Regardless of the job at hand, portable generators provide consistent power and performance, providing dependable power. Portable generators produce electricity by running a gasoline engine that turns an on-board alternator. The power outlets on the unit can be used by extension cords, electric tools, and appliances. Generally, the more powerful the generator, the more combinations of outlets are available.
Portable generators are not permanently installed, can be moved easily from place to place and must be manually started, unlike standby generators. Generators are rated by the amount of power they produce, called watts. The higher the wattage, the greater the number of items you can power. The two types of watts are running watts and starting watts:
- Running watts = The continuous watts produced to keep items running.
- Starting watts = The extra power needed to start large motor-driven appliances or multiple items.
Most portable generators are composed of the following primary components mounted on a metal frame:
- Internal combustion engine
- Fuel tank
Tips for Storage and Maintenance
You may need your portable generator at a moment’s notice, so make sure it is ready to go by regularly maintaining it.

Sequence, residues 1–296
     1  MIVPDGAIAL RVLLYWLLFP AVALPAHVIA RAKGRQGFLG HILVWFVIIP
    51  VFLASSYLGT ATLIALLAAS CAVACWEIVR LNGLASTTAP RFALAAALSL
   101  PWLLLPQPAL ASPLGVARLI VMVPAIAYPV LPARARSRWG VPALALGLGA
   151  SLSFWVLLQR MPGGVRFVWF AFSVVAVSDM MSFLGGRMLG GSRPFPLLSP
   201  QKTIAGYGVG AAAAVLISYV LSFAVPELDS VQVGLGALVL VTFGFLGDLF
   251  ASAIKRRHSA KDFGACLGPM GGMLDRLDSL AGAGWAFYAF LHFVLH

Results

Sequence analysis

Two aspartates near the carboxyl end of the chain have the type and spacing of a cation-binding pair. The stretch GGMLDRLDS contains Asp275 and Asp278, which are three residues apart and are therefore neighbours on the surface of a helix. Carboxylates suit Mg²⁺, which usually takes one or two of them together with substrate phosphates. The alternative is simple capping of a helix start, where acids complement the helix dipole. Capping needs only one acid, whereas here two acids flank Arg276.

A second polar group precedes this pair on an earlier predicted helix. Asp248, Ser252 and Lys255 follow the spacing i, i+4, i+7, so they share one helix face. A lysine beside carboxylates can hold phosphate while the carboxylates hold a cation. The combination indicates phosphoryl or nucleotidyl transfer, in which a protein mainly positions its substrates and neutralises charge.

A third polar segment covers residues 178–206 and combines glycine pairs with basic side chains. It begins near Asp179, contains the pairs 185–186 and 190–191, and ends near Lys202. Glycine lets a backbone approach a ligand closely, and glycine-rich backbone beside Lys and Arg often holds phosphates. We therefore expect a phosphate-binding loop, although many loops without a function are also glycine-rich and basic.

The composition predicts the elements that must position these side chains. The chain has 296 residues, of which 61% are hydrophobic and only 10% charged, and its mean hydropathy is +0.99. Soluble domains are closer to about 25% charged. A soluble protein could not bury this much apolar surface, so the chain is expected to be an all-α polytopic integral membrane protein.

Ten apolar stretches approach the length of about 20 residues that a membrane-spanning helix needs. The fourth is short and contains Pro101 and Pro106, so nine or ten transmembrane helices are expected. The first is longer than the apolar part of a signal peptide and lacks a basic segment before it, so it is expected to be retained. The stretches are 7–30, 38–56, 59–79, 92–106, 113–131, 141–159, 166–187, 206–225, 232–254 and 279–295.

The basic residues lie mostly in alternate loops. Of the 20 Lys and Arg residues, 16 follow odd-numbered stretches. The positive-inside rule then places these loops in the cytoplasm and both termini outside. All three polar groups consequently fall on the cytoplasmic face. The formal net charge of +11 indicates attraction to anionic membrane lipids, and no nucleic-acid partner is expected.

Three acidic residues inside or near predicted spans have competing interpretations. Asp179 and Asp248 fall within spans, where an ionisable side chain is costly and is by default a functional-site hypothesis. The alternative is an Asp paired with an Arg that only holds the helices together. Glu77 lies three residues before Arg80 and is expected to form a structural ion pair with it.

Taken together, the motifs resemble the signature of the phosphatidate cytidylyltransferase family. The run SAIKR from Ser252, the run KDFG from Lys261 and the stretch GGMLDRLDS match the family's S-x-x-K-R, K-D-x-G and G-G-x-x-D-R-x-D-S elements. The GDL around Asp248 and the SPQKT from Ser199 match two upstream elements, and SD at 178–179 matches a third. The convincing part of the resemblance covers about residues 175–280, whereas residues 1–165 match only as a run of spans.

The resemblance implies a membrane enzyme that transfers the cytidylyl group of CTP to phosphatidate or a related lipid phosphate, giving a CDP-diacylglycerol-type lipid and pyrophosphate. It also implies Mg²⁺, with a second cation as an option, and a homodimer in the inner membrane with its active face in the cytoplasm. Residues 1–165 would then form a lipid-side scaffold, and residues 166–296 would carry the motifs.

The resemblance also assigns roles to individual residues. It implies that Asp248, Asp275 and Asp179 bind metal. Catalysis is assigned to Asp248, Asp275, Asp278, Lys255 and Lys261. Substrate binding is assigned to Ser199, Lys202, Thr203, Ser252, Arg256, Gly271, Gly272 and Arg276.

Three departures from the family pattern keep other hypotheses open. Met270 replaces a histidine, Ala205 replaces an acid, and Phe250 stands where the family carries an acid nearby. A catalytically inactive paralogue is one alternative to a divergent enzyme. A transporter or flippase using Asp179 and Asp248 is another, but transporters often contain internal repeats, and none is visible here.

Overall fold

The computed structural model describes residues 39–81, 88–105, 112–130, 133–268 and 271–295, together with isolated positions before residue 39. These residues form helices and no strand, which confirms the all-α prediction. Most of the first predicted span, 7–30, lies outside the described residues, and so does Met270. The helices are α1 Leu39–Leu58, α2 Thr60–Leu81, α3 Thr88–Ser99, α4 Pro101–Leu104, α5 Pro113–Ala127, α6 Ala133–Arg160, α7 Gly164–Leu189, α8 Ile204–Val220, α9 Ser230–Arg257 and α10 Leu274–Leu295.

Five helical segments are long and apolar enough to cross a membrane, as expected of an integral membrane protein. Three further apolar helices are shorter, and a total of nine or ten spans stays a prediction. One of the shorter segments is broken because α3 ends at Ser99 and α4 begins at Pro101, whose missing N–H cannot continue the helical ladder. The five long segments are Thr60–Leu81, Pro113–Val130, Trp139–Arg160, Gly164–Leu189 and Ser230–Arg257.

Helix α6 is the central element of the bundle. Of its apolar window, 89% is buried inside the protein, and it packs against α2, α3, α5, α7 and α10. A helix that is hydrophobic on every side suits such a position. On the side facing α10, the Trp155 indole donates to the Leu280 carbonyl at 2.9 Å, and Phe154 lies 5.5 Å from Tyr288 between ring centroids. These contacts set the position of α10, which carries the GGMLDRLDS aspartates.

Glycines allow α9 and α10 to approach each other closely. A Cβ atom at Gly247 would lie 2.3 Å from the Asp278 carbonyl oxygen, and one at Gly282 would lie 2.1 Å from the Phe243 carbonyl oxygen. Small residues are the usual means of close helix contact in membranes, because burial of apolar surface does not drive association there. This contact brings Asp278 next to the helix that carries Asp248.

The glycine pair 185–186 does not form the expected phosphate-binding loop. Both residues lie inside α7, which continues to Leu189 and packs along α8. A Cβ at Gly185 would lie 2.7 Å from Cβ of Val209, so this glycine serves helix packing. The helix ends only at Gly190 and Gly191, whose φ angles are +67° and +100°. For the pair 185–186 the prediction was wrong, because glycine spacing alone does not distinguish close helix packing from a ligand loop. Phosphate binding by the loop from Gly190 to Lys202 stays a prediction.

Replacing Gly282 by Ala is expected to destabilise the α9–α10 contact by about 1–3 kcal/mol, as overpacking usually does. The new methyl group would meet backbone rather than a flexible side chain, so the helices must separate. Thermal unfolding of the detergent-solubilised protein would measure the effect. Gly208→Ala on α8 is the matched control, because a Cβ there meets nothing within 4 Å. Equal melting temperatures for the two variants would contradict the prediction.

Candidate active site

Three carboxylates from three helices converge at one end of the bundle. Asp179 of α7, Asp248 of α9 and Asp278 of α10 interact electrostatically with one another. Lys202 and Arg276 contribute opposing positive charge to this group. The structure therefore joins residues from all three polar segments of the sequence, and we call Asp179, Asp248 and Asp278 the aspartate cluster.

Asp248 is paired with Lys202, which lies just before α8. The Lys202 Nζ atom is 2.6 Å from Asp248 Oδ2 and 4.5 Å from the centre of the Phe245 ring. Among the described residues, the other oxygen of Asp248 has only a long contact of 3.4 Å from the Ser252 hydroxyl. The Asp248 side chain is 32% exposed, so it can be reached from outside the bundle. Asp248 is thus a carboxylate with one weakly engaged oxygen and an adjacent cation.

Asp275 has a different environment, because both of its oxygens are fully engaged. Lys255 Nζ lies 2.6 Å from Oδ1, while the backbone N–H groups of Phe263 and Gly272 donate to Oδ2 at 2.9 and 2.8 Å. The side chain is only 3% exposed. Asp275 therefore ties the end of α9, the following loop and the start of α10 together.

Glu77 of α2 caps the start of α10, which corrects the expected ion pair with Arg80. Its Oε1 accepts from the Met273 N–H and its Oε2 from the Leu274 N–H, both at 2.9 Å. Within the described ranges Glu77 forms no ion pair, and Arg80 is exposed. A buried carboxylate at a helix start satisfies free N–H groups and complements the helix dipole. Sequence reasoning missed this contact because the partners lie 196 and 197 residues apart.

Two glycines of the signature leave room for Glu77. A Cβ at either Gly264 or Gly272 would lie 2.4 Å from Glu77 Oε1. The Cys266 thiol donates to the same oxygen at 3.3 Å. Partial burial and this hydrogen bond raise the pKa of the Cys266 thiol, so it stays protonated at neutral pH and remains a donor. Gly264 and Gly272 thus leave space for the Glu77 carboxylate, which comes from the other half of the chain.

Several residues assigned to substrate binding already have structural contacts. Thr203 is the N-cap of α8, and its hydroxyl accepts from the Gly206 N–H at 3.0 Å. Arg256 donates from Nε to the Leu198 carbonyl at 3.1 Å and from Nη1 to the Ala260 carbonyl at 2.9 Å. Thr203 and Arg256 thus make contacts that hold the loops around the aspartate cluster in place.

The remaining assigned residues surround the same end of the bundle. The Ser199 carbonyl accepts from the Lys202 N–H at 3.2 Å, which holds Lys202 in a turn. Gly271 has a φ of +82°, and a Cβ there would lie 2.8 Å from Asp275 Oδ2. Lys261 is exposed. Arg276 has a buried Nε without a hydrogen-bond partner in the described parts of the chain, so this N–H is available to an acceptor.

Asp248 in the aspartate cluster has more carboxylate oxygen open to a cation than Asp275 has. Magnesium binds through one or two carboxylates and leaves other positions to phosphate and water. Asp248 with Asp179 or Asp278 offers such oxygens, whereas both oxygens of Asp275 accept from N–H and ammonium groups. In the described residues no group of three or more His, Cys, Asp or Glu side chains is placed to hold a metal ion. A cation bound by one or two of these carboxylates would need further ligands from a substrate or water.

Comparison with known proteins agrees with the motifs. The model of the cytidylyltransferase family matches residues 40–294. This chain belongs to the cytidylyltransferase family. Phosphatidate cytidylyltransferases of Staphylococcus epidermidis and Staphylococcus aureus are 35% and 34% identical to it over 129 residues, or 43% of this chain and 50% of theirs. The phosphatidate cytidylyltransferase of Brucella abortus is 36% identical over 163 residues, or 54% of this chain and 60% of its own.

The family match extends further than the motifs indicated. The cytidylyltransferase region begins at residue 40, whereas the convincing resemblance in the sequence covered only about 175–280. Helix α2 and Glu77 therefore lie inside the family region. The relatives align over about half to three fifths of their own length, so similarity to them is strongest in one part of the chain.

- Short-Term Storage (2-3 weeks): Clean the unit after each use. Make sure you store it in a place where you can access it easily when you need it.
- Long-Term Storage (2-3 months): For longer-term storage, fill the generator’s tank with fuel and add gasoline stabilizer.
Use Fuel Stabilizer
Is your portable generator rarely used? Keep the fuel system clear of gum by storing it with an empty fuel tank or using fuel stabilizer. Run your generator for a few minutes to circulate the solution through the carburetor after adding the stabilizer. Fuel treatment can keep fuel fresh for up to 36 months.
Change Your Generator Oil
Keep enough oil in your portable generator to keep it running smoothly and extend its lifespan. If the oil level drops too low, many generators shut down automatically. You should always check the oil level whenever you add fuel by looking at the dipstick and filling it up to the full marker. How much oil you need, what type of oil to use, and how much you need to use depends on the type of equipment you use, the engine inside, and the exterior temperature. You can find the right oil by using our Oil Finder.
Regularly inspect replaceable parts
Your portable generator operator’s manual recommends regularly checking your carburetor, air filter, fuel filter, spark plug and fuel filter in addition to the engine oil.